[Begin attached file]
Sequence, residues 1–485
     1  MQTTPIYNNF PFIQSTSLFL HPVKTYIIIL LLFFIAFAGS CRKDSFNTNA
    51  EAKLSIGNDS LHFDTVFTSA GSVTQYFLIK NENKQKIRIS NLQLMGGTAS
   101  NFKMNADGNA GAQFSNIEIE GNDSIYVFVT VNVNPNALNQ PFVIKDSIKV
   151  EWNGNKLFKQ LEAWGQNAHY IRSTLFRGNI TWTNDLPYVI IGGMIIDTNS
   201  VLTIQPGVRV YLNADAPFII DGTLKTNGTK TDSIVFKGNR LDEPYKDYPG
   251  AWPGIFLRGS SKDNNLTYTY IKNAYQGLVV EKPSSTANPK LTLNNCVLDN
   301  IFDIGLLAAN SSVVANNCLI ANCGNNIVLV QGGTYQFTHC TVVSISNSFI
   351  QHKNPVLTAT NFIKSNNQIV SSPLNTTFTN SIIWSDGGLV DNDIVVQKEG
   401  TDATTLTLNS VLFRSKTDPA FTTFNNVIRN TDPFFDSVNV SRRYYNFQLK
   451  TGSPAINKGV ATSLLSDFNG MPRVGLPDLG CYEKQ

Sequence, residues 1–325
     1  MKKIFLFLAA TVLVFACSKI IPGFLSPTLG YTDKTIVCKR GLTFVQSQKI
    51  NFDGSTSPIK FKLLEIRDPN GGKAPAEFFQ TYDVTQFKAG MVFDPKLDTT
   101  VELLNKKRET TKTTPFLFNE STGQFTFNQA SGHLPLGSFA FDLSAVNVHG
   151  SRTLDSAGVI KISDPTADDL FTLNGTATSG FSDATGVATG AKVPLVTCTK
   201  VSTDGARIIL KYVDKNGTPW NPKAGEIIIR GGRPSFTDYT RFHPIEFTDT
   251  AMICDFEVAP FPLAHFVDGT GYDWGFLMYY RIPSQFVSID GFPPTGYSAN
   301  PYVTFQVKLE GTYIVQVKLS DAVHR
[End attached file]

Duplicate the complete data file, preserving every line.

Sequence, residues 1–485
     1  MQTTPIYNNF PFIQSTSLFL HPVKTYIIIL LLFFIAFAGS CRKDSFNTNA
    51  EAKLSIGNDS LHFDTVFTSA GSVTQYFLIK NENKQKIRIS NLQLMGGTAS
   101  NFKMNADGNA GAQFSNIEIE GNDSIYVFVT VNVNPNALNQ PFVIKDSIKV
   151  EWNGNKLFKQ LEAWGQNAHY IRSTLFRGNI TWTNDLPYVI IGGMIIDTNS
   201  VLTIQPGVRV YLNADAPFII DGTLKTNGTK TDSIVFKGNR LDEPYKDYPG
   251  AWPGIFLRGS SKDNNLTYTY IKNAYQGLVV EKPSSTANPK LTLNNCVLDN
   301  IFDIGLLAAN SSVVANNCLI ANCGNNIVLV QGGTYQFTHC TVVSISNSFI
   351  QHKNPVLTAT NFIKSNNQIV SSPLNTTFTN SIIWSDGGLV DNDIVVQKEG
   401  TDATTLTLNS VLFRSKTDPA FTTFNNVIRN TDPFFDSVNV SRRYYNFQLK
   451  TGSPAINKGV ATSLLSDFNG MPRVGLPDLG CYEKQ

Sequence, residues 1–325
     1  MKKIFLFLAA TVLVFACSKI IPGFLSPTLG YTDKTIVCKR GLTFVQSQKI
    51  NFDGSTSPIK FKLLEIRDPN GGKAPAEFFQ TYDVTQFKAG MVFDPKLDTT
   101  VELLNKKRET TKTTPFLFNE STGQFTFNQA SGHLPLGSFA FDLSAVNVHG
   151  SRTLDSAGVI KISDPTADDL FTLNGTATSG FSDATGVATG AKVPLVTCTK
   201  VSTDGARIIL KYVDKNGTPW NPKAGEIIIR GGRPSFTDYT RFHPIEFTDT
   251  AMICDFEVAP FPLAHFVDGT GYDWGFLMYY RIPSQFVSID GFPPTGYSAN
   301  PYVTFQVKLE GTYIVQVKLS DAVHR